Fortunes Stabilnes: Charles of Orleans's English Book of Love : A Critical Edition

Fortunes Stabilnes: Charles of Orleans's English Book of Love : A Critical Edition

Fortunes Stabilnes: Charles of Orleans's English Book of Love : A Critical Edition

Fortunes Stabilnes: Charles of Orleans's English Book of Love : A Critical Edition

Excerpt

THE POEMS OF BRITISH LIBRARY, MS. Harley 682 were published first by George Watson Taylor in 1827 and again by Robert Steele and Mabel Day in the 1940s. My primary purpose in re-editing the work is to make the poetry more accessible to the reader. This edition is therefore different in a number of respects from the Early English Text Society edition, which presented the text diplomatically and provided a minimum of lexical and contextual guidance to the reader. Although the scholar who specializes in late Middle English will be able to read from a diplomatically presented text, such texts are not made for reading, but for study. Those who object to the addition of punctuation as unwarranted editorial interference may be reminded of the lack of critical interest in the poems since the publication of the Steele and Day edition, occasioned by their difficulty and by the many questions surrounding them. Users of this volume will find the introduction, explanatory notes, and glossary to be fuller than those of the EETS edition. Critical and codicological work has advanced significantly since 1945, so there is simply more to report on the literary, linguistic, and manuscript context. The glossary records all spellings in the work, and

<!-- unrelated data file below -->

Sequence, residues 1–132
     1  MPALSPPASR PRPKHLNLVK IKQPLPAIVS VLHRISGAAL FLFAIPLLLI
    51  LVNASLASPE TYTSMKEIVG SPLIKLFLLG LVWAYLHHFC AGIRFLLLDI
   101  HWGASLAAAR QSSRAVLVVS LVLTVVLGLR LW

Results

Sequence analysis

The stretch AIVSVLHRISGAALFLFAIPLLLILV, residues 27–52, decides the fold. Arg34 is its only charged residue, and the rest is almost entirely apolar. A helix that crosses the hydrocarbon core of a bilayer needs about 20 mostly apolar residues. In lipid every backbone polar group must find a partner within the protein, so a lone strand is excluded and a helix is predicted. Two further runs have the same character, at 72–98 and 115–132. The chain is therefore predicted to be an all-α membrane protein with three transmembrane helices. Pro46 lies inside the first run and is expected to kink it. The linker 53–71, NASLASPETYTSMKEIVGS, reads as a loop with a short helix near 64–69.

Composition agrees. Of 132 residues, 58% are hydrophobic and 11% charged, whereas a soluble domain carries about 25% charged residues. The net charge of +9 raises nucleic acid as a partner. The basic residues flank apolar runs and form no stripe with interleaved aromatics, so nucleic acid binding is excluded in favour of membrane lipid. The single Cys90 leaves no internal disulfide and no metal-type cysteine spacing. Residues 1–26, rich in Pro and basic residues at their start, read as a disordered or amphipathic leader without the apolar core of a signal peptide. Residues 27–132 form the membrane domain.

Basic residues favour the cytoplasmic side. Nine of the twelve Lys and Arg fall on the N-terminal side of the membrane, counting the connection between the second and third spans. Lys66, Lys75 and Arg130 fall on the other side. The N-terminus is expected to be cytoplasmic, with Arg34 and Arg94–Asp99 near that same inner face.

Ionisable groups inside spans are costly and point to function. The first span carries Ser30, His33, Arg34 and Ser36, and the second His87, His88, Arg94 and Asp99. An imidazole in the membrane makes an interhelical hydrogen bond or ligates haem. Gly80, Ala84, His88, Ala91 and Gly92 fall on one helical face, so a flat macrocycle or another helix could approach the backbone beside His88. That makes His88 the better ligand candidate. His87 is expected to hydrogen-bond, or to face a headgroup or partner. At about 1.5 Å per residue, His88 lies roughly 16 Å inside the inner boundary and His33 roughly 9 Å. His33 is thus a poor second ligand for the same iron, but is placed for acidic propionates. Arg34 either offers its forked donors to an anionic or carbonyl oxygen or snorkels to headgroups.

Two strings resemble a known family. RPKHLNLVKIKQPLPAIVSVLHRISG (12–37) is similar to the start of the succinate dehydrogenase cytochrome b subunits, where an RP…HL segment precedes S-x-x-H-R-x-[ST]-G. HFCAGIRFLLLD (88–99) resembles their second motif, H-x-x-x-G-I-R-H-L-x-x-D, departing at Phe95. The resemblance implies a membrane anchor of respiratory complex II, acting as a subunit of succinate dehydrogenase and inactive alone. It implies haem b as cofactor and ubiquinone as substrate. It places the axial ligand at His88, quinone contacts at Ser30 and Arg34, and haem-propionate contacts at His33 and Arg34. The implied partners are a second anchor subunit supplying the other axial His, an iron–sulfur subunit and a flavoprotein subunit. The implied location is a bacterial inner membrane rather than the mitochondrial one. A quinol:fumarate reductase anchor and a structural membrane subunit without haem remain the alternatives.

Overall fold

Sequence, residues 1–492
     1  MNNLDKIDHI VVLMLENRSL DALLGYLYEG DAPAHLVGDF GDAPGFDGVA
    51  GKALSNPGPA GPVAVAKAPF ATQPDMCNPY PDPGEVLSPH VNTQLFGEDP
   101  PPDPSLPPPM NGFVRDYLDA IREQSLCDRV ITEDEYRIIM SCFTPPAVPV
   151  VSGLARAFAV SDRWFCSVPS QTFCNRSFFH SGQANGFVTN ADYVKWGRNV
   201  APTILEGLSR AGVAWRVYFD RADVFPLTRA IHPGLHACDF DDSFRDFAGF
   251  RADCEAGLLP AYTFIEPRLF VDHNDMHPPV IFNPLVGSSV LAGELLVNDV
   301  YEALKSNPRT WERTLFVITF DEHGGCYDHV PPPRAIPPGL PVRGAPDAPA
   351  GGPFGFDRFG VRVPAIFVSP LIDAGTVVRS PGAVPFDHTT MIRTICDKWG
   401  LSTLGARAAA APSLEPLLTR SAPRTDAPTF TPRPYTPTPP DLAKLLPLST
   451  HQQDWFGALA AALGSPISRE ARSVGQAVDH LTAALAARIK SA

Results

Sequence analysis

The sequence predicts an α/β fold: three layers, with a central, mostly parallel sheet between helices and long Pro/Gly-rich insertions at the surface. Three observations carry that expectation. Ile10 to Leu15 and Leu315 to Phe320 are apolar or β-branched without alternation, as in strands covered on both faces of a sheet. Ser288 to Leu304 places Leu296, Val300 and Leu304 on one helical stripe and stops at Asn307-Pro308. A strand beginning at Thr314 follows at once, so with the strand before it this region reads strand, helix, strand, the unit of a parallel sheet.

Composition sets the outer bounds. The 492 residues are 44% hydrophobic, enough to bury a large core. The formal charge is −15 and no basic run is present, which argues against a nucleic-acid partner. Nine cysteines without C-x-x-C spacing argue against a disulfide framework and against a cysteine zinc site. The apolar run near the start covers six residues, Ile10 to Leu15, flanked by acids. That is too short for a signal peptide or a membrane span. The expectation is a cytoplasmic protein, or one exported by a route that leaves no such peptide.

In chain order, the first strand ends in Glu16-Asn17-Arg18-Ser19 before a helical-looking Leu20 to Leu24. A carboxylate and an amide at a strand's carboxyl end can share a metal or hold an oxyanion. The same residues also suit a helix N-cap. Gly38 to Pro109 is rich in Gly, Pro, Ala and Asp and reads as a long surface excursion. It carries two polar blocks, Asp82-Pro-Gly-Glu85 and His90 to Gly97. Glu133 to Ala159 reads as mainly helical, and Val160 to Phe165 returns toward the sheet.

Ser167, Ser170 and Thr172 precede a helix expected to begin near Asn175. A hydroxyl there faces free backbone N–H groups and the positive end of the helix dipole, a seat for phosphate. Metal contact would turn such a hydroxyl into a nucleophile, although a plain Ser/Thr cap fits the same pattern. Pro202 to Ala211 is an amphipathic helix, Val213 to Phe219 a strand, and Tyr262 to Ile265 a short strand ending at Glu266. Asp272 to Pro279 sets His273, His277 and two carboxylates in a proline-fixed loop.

The very inaccurate Watson Taylor edition (actually not much more than a
transcription) was published in only forty-four copies (for full references to all
sources, see Works Cited list). The Steele and Day edition was first published in
two volumes: introduction, text, and glossary by Steele in 1941; notes, various
addenda and errata by Steele and Day in 1946. In 1970 the two volumes were
combined into one with a bibliographical supplement by Cecily Clark. Marjorie
Daunt's work on rhymes was originally planned as part of the second volume, but
it appeared in 1949 as a separate article. Unfortunately, in combining the two
volumes, references to the page numbers of volume two were not adjusted. The
notes occupy the first 41 pages; thereafter for pages 42–46 read 302–6, for 47 read
307, for 48 read 308.

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